In general, western culture has not provided optimal learning for dealing with conflict openly and directly. Many people think it is normal and acceptable to take the easy way out: talking behind people’s backs and getting an authority involved without first checking our assumptions. Group members may need a lot of encouragement to do things differently, and especially they need to see leaders or core team members demonstrate this behavior. This motivates members to try out an unfamiliar process when it comes time for conflict resolution.
For some, it might seem intuitive and easy to manage differences and conflict. For others, whose primary subculture dealt with conflict by sweeping it under the rug or letting it build up until it exploded, they may not have practice productively managing or expressing their own and other’s feelings of frustration or anger. It is important to state basic expectations such as the following:
- Go first directly to the person you have a difficulty with, rather than telling other people about it. This requires some courage, but prevents others from feeling you are talking behind their back.
- If you don’t feel safe going directly to the person you have a difficulty with, talk to one supportive person who is preferably in a senior role and can come with you to discuss an issue or potentially mediate.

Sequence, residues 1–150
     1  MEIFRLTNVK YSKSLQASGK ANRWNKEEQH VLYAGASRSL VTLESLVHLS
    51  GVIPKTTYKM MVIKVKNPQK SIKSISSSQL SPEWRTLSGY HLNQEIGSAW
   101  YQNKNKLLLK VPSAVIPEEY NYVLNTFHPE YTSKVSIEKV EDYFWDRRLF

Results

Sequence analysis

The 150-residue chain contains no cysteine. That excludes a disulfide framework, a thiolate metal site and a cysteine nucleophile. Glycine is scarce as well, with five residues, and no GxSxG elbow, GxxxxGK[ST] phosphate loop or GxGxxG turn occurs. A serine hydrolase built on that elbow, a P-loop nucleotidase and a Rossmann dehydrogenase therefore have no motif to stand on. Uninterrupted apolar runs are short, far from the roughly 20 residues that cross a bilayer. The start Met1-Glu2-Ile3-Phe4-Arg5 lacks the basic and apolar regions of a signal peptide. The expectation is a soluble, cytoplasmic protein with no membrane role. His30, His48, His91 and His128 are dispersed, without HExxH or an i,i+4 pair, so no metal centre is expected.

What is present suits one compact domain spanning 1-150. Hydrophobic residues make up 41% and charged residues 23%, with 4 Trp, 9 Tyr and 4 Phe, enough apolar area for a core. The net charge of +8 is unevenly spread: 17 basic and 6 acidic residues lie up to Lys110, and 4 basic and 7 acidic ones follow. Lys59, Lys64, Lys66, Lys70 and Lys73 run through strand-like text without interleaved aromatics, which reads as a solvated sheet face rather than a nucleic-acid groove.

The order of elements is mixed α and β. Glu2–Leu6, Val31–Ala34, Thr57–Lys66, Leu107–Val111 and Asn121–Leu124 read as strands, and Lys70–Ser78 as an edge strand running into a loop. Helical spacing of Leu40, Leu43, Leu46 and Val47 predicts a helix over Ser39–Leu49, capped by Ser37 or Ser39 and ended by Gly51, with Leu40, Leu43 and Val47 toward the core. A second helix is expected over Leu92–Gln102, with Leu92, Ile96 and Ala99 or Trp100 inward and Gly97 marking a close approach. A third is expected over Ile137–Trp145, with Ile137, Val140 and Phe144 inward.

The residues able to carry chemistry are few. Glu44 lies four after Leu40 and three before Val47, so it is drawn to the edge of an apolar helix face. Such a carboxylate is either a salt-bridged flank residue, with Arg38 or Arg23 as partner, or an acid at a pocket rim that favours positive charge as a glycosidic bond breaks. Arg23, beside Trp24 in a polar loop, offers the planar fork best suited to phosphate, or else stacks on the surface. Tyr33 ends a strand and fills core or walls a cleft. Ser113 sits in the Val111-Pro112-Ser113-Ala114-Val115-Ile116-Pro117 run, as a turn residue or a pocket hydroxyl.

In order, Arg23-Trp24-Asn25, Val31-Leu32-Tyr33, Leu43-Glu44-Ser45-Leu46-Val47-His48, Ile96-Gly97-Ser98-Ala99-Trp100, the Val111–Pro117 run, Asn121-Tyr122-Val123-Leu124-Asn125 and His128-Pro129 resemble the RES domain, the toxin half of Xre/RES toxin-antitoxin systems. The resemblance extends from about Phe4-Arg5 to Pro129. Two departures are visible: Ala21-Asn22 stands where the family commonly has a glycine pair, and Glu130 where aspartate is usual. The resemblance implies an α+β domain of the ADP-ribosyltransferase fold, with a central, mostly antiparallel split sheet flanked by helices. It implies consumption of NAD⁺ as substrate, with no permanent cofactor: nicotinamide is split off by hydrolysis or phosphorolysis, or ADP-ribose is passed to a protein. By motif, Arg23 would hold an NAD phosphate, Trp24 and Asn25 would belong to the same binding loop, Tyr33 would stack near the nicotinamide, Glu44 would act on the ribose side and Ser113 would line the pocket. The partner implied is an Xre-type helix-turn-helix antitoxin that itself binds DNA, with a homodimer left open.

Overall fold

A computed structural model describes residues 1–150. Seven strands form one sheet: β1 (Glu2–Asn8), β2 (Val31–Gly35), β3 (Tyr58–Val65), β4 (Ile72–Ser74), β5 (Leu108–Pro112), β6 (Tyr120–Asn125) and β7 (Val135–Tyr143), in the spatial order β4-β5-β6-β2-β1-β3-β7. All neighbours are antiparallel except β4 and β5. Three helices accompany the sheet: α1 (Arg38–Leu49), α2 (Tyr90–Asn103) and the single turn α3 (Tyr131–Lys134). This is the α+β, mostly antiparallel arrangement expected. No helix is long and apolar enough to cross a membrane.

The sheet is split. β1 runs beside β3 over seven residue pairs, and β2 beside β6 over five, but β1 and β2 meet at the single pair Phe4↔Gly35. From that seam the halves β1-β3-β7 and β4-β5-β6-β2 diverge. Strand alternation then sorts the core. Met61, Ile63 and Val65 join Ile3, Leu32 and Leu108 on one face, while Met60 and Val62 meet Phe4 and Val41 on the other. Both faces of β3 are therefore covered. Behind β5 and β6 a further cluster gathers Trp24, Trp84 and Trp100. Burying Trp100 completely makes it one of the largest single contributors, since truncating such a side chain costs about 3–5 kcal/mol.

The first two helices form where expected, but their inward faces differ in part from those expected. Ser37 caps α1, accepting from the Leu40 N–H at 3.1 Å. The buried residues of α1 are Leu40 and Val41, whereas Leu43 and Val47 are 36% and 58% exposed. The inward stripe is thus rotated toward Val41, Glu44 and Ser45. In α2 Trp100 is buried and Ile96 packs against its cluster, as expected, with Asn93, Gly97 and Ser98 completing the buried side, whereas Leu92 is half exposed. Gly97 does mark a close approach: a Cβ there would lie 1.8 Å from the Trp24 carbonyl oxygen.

- It is important to confront someone about a perceived breach of agreement right away, because waiting sends a message that it’s not important or isn’t noticed. In fact, the offender may be unaware or simply forgot, and your reminder may be what helps them succeed in the long term.
- If the response is unsatisfactory, you might engage in a guided conflict resolution. One gamified mediation tool was created for well-intentioned people to be guided by best practices encapsulated in a mediator-in-a-box (unfortunately we don’t get an affiliate perk for promoting this, but we’ve used it and love it!)
- If the conflict remains unresolved, or if it involves or affects multiple members of the group, it often helps to use a group process. ICmatch has summarized details of several popular group processes, some of which focus on conflict management.
- You may need the help of a professional mediator to guide your group process. Ideally they will help investigate underlying structural problems that might keep leading to the interpersonal conflict.
See our lecture notes on three types of conflict in intentional community.